Olivia: Now that I’m sitting in this car I don’t think it’s right for me.
Bob: Olivia, you have a sports car personality; this car is right for you it fits you perfectly.
Olivia: Wow, you really think so?
Bob: Absolutely, plus 2 door sports cars are hard to come by and I would hate for you to miss out on the car of your dreams.  You can ride to campus in style.
Olivia: That would be cool, I do look really good in it.
Bob: Sure you do; How does if feel?
Olivia: It feels great from the driver’s seat but do you think it’s too small?
Bob: Olivia, this is what you said you wanted and I believe that you are a person that knows what she wants.
I couldn’t help but laugh, and when I did he told me that I have a beautiful smile!  Bob didn’t miss a beat; he was ready to respond no matter what I did or said.  He then said that he would go check the computer to see if there would be anymore 2 door sports cars available besides the one I test drove since I wasn’t ready to buy today.  He came back with his supervisor (authority figure) to tell me that if I wanted to buy a sports car from carmax I should buy it now because they don’t get many sports cars and they would hate for me to miss out on this great deal.  I was amazed at there coordination and ability to naturally come back to me with such empathy and concern about this sports car.  I then again said thanks but no thanks and walked out the door.
    I thought that Bob was really good at making me feel good about the 2 door sports car.  His persuasion tactics of liking and scarcity was used well and had good balance.  He wasn’t overpowering or pushy and he got straight to the point; he showed me what I asked to see without trying to change my mind.  It was different then what I was used to when buying a car.  Carmax does have a different approach to buying a car; they don’t negotiate on the price so it may seem like you are getting a good deal because no one would be able to out negotiate you.  They go by first come first serve based on the cars they get on their car lot.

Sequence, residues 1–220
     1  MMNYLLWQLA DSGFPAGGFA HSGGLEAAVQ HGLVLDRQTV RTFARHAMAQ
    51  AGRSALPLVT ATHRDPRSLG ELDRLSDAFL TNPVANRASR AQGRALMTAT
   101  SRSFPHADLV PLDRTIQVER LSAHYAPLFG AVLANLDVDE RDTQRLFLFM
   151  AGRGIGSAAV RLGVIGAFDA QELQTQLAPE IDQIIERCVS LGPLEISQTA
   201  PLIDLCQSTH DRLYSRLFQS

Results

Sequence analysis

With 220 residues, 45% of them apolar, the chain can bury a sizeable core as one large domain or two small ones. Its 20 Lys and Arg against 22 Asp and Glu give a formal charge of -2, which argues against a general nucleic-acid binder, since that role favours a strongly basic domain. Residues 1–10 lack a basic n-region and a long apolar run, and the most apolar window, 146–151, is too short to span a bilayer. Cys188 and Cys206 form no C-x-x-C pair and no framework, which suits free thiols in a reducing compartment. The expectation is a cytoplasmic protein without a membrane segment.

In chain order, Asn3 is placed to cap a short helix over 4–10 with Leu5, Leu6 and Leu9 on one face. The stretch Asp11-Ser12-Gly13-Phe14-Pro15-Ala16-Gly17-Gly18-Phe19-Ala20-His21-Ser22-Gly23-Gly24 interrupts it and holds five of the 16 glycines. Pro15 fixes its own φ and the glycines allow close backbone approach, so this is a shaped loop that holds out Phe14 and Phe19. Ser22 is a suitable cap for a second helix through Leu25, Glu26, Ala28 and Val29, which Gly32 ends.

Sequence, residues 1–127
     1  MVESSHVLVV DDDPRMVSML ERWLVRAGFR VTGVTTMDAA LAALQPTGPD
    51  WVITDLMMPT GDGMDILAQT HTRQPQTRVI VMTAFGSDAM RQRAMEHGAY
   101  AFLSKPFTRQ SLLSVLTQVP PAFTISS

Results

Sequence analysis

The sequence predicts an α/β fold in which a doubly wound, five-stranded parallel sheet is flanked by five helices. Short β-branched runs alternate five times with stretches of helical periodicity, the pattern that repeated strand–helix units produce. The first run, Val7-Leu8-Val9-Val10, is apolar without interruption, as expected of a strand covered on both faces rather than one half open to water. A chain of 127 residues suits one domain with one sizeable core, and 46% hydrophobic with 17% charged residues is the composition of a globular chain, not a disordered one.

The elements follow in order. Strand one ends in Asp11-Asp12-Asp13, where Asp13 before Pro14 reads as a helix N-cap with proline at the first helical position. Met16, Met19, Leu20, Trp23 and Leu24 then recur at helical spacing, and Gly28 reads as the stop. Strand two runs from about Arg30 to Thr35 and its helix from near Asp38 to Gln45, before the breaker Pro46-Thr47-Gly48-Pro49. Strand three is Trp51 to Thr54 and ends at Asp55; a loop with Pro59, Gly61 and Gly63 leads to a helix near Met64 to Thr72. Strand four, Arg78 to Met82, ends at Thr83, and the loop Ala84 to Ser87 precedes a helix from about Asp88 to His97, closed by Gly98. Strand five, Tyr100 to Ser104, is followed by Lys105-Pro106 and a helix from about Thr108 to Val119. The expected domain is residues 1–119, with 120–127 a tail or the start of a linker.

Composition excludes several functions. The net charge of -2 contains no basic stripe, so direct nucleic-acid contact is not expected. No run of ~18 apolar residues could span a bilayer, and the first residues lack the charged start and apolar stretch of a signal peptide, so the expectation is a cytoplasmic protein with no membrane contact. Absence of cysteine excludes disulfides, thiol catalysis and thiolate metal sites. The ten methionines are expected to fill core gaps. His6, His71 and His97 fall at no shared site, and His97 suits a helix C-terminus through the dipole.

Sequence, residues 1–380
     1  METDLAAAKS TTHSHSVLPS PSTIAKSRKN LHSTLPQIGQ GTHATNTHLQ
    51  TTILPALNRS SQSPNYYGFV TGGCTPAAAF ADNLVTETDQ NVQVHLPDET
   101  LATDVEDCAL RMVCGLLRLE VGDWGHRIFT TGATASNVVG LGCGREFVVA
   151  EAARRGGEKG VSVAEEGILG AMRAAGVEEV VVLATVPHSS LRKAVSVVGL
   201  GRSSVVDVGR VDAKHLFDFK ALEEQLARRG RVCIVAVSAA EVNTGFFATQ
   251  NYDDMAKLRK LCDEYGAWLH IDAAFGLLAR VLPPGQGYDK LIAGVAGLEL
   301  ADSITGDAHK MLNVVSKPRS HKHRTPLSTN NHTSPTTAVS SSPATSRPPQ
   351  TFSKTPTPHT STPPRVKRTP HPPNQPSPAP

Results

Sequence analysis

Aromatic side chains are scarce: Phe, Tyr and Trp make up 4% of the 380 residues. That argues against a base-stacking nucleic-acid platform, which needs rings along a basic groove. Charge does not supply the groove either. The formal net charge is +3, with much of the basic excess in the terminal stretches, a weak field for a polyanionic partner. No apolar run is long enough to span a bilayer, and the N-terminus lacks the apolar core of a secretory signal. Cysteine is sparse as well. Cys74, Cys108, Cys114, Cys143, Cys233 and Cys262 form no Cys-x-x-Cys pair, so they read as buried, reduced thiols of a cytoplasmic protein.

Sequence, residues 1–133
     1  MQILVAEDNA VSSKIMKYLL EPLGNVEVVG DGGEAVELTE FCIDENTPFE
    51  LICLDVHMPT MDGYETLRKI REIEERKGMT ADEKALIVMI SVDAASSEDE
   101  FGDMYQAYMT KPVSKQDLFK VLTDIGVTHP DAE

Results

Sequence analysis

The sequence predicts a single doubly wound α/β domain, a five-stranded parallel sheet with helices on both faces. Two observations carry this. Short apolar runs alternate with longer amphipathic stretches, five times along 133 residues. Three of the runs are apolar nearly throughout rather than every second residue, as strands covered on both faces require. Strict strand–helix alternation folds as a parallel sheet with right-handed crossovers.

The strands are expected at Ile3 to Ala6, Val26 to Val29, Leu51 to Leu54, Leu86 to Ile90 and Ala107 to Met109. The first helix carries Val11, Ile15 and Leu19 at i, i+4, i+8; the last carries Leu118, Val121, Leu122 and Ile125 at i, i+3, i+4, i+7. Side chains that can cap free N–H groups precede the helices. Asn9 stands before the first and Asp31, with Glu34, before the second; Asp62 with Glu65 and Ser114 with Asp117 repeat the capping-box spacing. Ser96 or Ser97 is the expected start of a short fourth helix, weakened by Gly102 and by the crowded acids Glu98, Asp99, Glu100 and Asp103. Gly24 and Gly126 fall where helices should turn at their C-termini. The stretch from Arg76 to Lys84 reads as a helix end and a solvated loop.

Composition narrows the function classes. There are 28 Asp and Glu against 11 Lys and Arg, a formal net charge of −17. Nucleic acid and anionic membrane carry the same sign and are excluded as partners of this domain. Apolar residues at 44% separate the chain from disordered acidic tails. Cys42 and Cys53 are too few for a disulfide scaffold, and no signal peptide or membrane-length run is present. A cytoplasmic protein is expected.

I would suggest to Bob to incorporate the Commitment and Consistency technique; “the tactic of starting with a little request in order to gain eventual compliance with related larger request.”  Influence: (Cialdini, 2007, p. 72 He could have asked me to tell him what I needed in the car and assess my needs then write them down.  With the commitment on my part and the compliments and scarcity on his part it may have been harder for me or anyone to walk away from buying a car from him.  He also could have shown me a less desirable looking car before he showed me the sports car that looked good.  This contrast effect found in Influence: Cialdini, 2007, p. 11-12 is a good way to sell a car because it makes the real car the person wants to sell look more appealing.  With commitment and contrast working with his already likability and scarcity techniques he should be able to sell cars to everybody that walks into his office.